Open Mike


Don't Cry For Indies

Some might argue that today's programming compares favorably to the
1990s “heyday of the independent producer” now so nostalgically recalled by
those opposing FCC media-ownership deregulation.

But Law & Order producer Dick Wolf, a
contemporary of Stephen J. Cannell's and Steven Bochco's, seems to have
scraped by despite the oppressive, network-dominated programming marketplace
decried by the Center for Creative Voices in Media.

No one saw fit to note that the “independent producer” behind
Friends was Warner Bros. (Let's make sure small, scrappy
Time Warner isn't deprived of access to the network airwaves!)

It's regrettable that so many in Hollywood's creative
community—usually fervent in their defense of “free expression”—support
media-ownership rules that give politicians the power to force broadcasters to
tread carefully—and, all too often, timidly.

High-sounding regulations dictating the size and configuration of media
companies enable politicians to maintain a dangerous grip on our citizens'
primary source of news, information and entertainment. Perhaps these
underemployed individuals should redirect their efforts toward creating product
that's cost-efficient enough to be viable in today's brutal marketplace.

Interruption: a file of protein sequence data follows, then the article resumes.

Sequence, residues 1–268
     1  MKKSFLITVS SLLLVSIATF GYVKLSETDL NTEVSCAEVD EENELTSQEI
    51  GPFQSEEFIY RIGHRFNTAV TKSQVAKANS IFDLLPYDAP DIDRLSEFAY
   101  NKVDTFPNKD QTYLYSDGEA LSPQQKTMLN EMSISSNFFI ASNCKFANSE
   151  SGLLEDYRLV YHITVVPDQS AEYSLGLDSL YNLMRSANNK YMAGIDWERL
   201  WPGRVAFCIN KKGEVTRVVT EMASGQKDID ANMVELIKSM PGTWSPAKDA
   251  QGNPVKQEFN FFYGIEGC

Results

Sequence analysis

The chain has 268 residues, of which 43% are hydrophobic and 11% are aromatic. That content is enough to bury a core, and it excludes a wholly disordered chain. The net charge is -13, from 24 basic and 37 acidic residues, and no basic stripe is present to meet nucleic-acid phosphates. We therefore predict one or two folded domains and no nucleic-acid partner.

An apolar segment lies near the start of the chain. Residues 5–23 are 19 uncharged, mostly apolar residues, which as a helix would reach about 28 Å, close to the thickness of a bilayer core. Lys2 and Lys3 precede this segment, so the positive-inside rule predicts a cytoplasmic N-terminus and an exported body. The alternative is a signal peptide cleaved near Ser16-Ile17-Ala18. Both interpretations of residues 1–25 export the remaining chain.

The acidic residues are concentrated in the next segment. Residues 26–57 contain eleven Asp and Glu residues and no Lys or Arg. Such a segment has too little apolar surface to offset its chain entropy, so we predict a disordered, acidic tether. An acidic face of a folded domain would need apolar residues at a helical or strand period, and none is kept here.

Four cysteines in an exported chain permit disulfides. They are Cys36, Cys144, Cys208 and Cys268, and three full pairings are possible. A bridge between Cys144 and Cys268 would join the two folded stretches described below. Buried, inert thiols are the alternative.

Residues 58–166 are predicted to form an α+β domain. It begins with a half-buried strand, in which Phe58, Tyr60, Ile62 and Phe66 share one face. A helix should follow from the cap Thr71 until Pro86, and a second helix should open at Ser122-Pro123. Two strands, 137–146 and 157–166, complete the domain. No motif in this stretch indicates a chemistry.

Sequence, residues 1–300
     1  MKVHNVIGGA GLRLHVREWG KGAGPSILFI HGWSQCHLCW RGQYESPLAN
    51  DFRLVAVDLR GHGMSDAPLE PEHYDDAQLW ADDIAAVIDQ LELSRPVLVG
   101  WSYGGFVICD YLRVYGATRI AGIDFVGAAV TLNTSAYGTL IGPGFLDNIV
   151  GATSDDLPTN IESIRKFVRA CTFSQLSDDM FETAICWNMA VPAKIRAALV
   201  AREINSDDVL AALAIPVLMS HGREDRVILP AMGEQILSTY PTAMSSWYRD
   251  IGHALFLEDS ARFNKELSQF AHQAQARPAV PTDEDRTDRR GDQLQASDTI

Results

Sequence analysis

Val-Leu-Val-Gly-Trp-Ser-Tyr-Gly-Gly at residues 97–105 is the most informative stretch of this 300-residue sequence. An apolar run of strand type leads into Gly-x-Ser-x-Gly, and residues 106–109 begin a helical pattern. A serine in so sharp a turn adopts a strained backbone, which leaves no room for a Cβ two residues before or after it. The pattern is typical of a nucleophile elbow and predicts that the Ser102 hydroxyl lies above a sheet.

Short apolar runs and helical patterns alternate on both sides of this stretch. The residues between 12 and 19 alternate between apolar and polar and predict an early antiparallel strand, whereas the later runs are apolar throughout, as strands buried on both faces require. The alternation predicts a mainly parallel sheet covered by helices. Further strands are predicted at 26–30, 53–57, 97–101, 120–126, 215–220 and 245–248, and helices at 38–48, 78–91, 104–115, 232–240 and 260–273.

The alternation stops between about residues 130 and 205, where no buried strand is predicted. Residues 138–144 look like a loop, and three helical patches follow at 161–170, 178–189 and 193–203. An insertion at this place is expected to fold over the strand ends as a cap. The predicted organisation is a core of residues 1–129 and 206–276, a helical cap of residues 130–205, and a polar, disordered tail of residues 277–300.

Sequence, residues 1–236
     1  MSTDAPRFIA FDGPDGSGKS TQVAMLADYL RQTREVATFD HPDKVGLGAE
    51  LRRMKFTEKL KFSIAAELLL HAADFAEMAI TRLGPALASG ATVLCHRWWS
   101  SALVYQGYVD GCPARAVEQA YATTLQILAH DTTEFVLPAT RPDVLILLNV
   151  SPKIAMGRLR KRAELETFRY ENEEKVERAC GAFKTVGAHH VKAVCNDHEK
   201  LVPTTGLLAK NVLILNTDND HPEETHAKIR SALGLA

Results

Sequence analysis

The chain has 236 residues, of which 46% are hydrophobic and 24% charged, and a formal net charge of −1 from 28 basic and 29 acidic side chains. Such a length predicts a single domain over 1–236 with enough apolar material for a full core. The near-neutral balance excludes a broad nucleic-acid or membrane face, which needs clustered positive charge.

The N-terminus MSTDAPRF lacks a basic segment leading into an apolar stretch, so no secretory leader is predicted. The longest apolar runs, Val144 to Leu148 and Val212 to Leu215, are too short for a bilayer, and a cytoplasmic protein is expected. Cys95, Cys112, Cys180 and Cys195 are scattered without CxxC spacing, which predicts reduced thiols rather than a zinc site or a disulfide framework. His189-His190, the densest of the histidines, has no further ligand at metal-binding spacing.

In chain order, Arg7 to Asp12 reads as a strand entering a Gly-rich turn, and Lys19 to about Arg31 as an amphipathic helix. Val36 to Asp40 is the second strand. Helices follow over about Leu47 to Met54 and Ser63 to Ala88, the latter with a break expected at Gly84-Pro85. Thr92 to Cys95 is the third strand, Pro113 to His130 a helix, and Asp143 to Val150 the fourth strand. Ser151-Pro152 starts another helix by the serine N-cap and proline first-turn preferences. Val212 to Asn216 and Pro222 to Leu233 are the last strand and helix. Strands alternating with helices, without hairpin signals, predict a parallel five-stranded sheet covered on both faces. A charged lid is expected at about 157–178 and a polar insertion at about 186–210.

NBC would love to have affordable, appealing scripted programming to air at

Lee Spieckerman, SpieckermanMedia, LLC Dallas/Fort

Katie's Not cutting it

Loved The Robins Report's “Empty Promises” (Oct. 16). The entire
Katie Couric fiasco (and let's be honest here, so far, for the money CBS paid
Ms. Couric and for the ratings she's getting, this is looking like one big
bad deal) is more representative of changes in viewer habits. Couric is now a
distant third place in almost all major markets. The simple truth is, in a
world of 24/7 news, the public really doesn't care anymore who reads them the
news off of a Teleprompter.

As a media consultant for almost 15 years, I'm in contact with
broadcasting professionals. Not one of them understood the Couric deal.

What's surprising is that a TV heavyweight like [CBS Corp. CEO Leslie]
Moonves would be out of touch with what's going on here in the heartland.

Steve Meyer, President/CEO, Smart Marketing
Consulting Services, Las Vegas